Naming your SSIDs. The SSID is the name of your Wi-Fi network, and it stands for Service Set IDentifer. This is what you will see on your devices when you go to connect to your Wi-Fi. You should avoid using the default name. Depending on your home, you may or may not want personally identifying information in your SSID. You must keep in mind that anyone who is within range of your router will be able to see your SSID. Depending on who your neighbors are, you may want to go with a generic name such as “Pine Steet Home” or just “House WiFi.” If you are concerned about your privacy and security, then you should avoid using SSIDs that help identify you or your router or draw unwanted attention to you (e.g. “FBI Surveillance Van 3”). 

Dual-band routers have two different radios in them that may have different SSIDs. One radio will be for the 2 GHz band and the other is for the 5 GHz band. Most modern devices support both bands. The 5 GHz band is faster and preferred for watching videos, gaming, making phone calls, and doing other intensive network tasks. The 2 GHz band can be broadcast across a greater distance, go through walls better, and may be the only band supported by some smart home devices. Naming the 2 GHz band and the 5 GHz band with different SSIDs is best. This allows you to easily see which radio you are connected to and allows you to place devices on different radios if you need to. For example, you can place your smart home thermostat on the 2 GHz band and your TV on the 5 GHz band. Your router’s 5 GHz band will be more heavily used and should be your go-to network. You may decide to name your 2 GHz and your 5 GHz bands as “House Wi-Fi 2 GHz” and “House Wi-Fi,” respectively.  

Setting your Wi-Fi password. You should set a strong password for your Wi-Fi. You usually need to do this separately for your 2 GHz and your 5 GHz bands, so do not forget to check both bands! Many people choose to use the same password for both bands, but you may choose different passwords if you like. This password is used to gain access to your home network and so it should not be easy to guess. You also must avoid using the same password that you used for the router’s administrator login. Keep in mind that you may need to enter this password using things like TV remotes and tiny printer buttons which are never fun to use. You may choose to use only letters and numbers to make entering your Wi-Fi password easier on these cumbersome devices. Be sure to memorize this password!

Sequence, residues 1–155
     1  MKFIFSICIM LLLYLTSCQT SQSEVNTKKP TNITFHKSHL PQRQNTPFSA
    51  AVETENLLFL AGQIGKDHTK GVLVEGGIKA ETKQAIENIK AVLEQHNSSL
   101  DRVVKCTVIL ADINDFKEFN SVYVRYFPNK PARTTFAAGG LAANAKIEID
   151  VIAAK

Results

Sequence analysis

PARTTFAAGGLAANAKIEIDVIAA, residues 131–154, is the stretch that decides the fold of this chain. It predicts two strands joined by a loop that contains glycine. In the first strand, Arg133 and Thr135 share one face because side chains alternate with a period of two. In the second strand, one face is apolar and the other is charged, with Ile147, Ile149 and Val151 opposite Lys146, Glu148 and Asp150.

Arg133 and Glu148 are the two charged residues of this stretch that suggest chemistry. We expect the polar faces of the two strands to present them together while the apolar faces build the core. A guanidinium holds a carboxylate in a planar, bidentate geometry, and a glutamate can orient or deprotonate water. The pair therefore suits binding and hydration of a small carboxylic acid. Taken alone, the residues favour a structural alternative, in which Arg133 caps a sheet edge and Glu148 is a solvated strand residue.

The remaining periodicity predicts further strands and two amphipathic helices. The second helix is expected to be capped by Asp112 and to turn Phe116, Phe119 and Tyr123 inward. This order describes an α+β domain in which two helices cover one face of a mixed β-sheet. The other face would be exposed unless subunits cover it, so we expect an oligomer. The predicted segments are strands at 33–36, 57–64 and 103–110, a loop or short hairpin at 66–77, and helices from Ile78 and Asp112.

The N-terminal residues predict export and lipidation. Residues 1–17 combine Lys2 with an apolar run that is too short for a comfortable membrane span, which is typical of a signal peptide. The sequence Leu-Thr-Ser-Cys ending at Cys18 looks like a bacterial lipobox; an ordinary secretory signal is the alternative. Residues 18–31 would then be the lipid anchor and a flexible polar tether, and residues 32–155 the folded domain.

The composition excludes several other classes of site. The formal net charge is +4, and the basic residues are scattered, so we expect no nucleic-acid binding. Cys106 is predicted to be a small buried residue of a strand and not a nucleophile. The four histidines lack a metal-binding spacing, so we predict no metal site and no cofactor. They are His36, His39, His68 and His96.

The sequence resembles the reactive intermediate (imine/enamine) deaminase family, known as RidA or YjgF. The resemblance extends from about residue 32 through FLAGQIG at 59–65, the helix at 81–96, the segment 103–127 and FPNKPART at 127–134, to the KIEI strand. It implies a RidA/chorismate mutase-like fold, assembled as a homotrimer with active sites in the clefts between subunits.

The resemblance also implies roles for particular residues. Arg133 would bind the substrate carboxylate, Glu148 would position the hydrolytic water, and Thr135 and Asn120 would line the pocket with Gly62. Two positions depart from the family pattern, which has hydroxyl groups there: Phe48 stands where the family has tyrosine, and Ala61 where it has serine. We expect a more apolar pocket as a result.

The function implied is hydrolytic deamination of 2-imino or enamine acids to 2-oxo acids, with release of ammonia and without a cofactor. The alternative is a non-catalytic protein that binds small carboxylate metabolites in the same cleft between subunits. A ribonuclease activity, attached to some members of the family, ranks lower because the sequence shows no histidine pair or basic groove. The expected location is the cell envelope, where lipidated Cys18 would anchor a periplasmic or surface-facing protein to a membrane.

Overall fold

Selecting the right channel. The Wi-Fi spectrum is divided into channels, and you need to ensure your router is operating on channel free of wireless interference. The 2.4 GHz band is divided into 11 channels in the United States but only three of these are non-overlapping. Most channels overlap in the 2.4 GHz band. To separate wireless radios far enough apart to avoid interference you are limited to using only three channels in the United States, Channel 1, 6, and 11.

2.4 GHz Channel Planning
Extreme Networks

The 5 GHz band is divided into 24 non-overlapping channels in the United States, making it much easier to separate 5 GHz band broadcasts and reducing wireless interference. Wikipedia has a great article identifying the wireless channels. You may use cell phone apps such as Ubiquiti’s WiFiman to see the wireless spectrum around your home and see what channels are in use. You should place your router on a channel that has little to no interference.